China's government may have been responsible for the cyber attack on Google that has the company threatening to pull out of China, reports say.
The Mercury News reports that "a source close to the company said Wednesday that after Google's network came under a flurry of cyber attacks in mid-December, company engineers did in fact trace it to a branch of the Chinese government, or agents acting on its behalf."
The Mercury News also reports that, considering the size and scale of the attack, internet security experts agree that it could only have been pulled off by a very well organized, well funded organization, such an organized crime ring, government or government funded group. It is worth noting that human rights activists had their email accounts hacked into as part of that tack.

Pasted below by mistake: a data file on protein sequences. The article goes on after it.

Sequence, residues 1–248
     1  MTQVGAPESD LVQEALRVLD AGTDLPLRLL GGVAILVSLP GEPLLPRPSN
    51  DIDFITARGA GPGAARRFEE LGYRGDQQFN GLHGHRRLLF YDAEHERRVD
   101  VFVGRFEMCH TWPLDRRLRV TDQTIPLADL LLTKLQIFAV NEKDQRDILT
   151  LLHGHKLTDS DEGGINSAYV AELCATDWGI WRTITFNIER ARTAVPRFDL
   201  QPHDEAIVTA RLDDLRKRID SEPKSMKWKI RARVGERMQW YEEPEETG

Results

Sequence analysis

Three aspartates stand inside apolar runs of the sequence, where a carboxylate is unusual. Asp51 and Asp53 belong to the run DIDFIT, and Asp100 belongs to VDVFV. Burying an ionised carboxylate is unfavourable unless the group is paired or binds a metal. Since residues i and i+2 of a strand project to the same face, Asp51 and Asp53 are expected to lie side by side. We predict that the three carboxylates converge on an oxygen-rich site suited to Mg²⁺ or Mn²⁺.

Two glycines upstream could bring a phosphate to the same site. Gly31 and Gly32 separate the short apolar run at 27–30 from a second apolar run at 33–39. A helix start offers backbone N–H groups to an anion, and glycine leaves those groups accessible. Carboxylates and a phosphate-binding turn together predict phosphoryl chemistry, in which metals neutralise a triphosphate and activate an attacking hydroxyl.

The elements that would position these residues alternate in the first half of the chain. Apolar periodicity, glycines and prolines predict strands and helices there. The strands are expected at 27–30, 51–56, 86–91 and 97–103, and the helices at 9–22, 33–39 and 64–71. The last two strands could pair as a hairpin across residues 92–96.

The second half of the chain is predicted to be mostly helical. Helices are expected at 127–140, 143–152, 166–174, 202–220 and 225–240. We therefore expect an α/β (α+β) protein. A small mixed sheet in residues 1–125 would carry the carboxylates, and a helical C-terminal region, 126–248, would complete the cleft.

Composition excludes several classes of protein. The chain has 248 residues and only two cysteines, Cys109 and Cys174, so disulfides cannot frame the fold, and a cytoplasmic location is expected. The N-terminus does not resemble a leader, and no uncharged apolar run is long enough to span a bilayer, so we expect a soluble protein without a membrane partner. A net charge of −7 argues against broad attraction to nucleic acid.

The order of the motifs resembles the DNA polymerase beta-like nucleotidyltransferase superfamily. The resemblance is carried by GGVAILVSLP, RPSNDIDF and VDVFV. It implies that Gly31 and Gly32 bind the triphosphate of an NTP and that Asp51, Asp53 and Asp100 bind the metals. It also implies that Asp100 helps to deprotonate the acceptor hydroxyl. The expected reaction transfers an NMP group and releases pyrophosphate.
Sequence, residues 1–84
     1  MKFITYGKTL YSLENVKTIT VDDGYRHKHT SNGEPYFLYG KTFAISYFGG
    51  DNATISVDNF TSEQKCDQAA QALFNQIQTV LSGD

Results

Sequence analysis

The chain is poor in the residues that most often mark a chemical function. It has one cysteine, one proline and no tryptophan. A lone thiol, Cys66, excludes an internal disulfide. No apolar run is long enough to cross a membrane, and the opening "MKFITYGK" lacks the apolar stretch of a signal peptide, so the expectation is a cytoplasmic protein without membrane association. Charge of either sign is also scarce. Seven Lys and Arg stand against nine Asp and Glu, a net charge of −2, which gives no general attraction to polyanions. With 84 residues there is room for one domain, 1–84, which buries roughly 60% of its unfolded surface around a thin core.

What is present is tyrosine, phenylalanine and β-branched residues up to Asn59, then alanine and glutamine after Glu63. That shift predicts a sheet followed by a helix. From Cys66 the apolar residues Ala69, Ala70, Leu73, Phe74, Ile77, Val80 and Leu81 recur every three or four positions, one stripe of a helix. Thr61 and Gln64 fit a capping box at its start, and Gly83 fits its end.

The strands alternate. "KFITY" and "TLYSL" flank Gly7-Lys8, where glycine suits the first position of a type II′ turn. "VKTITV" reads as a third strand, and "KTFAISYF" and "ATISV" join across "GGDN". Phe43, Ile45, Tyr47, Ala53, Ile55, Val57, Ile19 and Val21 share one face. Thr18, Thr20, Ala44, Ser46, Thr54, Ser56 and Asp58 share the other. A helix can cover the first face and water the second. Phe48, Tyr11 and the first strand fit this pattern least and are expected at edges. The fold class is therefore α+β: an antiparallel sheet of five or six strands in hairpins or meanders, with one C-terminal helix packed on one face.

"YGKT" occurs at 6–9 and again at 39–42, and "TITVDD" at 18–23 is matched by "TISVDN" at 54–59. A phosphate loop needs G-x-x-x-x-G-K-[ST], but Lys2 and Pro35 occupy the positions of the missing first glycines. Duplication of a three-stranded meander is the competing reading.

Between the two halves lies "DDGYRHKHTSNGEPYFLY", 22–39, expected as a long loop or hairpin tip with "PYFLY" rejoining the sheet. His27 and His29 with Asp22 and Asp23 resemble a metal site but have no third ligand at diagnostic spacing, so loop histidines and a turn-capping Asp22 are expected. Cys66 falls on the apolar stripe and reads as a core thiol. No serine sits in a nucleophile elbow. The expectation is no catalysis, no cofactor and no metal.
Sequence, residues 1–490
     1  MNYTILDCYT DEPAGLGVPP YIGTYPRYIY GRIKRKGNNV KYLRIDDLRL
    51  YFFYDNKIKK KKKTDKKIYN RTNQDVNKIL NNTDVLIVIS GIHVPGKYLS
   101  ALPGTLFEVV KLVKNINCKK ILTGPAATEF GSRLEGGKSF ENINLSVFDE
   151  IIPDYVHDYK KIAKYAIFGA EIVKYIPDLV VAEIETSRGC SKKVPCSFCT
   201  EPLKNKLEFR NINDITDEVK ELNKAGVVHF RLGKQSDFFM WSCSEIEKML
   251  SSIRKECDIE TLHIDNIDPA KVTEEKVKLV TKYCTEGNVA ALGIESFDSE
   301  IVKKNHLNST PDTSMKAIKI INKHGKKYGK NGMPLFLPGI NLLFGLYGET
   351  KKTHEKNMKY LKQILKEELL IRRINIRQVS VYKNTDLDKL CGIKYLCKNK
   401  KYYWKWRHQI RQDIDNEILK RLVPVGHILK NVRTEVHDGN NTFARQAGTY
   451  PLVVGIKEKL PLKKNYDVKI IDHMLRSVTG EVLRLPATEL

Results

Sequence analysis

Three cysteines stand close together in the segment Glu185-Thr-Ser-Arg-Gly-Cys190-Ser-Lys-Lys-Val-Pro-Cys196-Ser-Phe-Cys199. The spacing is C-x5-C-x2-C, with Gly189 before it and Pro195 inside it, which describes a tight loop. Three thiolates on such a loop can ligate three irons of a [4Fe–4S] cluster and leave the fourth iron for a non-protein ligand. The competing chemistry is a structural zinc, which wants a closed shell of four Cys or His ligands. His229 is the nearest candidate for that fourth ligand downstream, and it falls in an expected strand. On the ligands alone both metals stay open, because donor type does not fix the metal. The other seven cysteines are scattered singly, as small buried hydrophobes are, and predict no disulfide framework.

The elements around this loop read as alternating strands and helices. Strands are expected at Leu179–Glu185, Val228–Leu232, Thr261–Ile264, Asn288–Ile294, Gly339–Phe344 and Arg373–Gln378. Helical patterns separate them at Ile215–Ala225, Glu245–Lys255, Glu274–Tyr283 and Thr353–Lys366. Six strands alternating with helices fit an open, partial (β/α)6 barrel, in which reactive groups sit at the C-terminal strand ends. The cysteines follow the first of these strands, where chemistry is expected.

Congresswoman Anna Eshoo is also quoted, calling China a "pervasive hacker" and expressing concern that U.S. government employee emails may have also been hacked.
In related news, The San Francisco Chronicle reports that at least 20 other companies were targeted in the attack, including Adobe and Yahoo, but Microsoft was apparently spared.
The New York Times reports that situation has spurred a broad coalition to "reign in the conduct" of the growing country, especially it's censorship practices.